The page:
We live in a consumer culture, no question about it. I’ve got friends and relatives who never met a sale they didn’t like (hi, mom!). But how we make decisions about what to buy – and we want to buy-buy-buy – can tell a lot about us.
On a recent trip to Boston, I checked into a Courtyard Marriott hotel in the city’s Theater District. The first thing I saw in the bathroom were towels proudly proclaiming “Made in Israel.” Seeing that label made me smile. As conflicted as I might be on Israeli government policy sometimes, I firmly believe that buying Israeli is one of those essential things, a sort of statement of belonging to the Jewish people.
In fact, seeing “made in Israel” on a label often doubles the chance that I’ll buy the item, provided it fits well/suits my lifestyle. I don’t go out of the way to find “made in Israel” and I don’t shop exclusively for Israeli products – it would be impossible to eat or wear clothes if I tried that. But Israeli wines have found a permanent home on my wine rack, and many of my clothes have Hebrew on the label.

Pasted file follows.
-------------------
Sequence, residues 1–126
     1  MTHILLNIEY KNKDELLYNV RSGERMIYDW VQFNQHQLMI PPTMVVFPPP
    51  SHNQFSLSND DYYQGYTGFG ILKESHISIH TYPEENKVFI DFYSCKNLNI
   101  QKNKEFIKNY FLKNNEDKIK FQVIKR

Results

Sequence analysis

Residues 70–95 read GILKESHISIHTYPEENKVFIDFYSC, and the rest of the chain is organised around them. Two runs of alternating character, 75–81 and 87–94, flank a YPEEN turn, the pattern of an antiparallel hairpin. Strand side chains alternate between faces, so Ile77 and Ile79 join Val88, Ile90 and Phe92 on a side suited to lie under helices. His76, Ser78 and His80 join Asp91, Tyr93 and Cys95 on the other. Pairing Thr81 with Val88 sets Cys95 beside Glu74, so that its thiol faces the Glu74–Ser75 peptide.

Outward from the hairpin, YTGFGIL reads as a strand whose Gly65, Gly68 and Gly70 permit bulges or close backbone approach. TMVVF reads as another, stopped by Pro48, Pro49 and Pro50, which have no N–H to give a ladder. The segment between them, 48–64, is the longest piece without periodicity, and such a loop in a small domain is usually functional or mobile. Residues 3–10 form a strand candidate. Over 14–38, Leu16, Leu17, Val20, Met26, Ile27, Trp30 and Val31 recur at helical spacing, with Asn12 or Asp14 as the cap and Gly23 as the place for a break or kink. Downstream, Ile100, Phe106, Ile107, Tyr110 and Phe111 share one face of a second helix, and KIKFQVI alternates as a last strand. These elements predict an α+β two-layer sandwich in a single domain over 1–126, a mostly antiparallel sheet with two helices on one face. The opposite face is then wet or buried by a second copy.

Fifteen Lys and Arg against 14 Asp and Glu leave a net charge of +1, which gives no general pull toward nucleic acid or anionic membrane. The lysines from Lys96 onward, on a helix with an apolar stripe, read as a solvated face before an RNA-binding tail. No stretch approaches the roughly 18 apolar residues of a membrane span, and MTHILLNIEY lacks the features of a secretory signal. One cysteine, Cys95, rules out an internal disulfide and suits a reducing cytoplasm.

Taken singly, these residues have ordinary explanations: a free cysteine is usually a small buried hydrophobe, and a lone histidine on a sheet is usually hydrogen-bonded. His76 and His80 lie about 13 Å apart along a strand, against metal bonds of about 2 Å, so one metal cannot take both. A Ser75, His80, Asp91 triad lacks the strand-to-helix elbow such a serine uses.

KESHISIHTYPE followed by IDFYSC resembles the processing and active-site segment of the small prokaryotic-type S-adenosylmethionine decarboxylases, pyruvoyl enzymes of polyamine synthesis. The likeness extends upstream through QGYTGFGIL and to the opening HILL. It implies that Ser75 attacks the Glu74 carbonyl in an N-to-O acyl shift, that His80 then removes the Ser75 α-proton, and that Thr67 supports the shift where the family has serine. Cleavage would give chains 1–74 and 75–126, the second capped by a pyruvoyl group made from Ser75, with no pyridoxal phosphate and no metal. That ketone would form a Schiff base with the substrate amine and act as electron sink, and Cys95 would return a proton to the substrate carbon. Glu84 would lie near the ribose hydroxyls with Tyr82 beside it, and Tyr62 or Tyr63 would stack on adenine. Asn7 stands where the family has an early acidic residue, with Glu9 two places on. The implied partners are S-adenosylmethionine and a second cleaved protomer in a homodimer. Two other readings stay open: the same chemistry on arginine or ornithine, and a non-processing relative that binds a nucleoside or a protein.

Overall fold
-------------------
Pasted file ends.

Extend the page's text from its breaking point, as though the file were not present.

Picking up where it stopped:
For many, the origin of the product can be a deciding factor:
Some friends refuse to buy a German-made car or tool. Despite painful Holocaust history, I refuse to believe that blaming modern-day Germany for the sins of its past leaders is a valid strategy for preventing another Shoah. And one acquaintance, who works for the German tool-maker Bosch, always prefaces talking about his job by adamantly distancing himself from his employer.
Journalist Sara Bongiorni and her family tried to live for a year without buying any products made in China, a decision spurred less by notions of idealism or fair trade-though she does note troubling statistics on job loss and trade deficits-than simply “to see if it can be done,” according to a review of her book. As readers will see, Bongiorni struggled with the choice because everything from her kids’ shoes to school supplies to home repair equipment is produced in China.
For others, consumer choices center on environmental consciousness: they buy local, organic and fair-trade. They prefer to pay more for the comforting knowledge of having helped our planet and its people through their purchases. Shopping at farmer’s markets and participating in community-supported agriculture (CSAs) are the eco-conscious way to procure food. In fact, Chicago even has a kosher CSA, which operates in partnership between Anshe Sholom Bnai Israel, Anshe Emet and Hazon, a national organization whose goal is to create a healthier and more sustainable Jewish community.
And if none of these reasons drive your purchasing decisions, what does? A good price? A good time? A chance to fulfill a need regardless of how?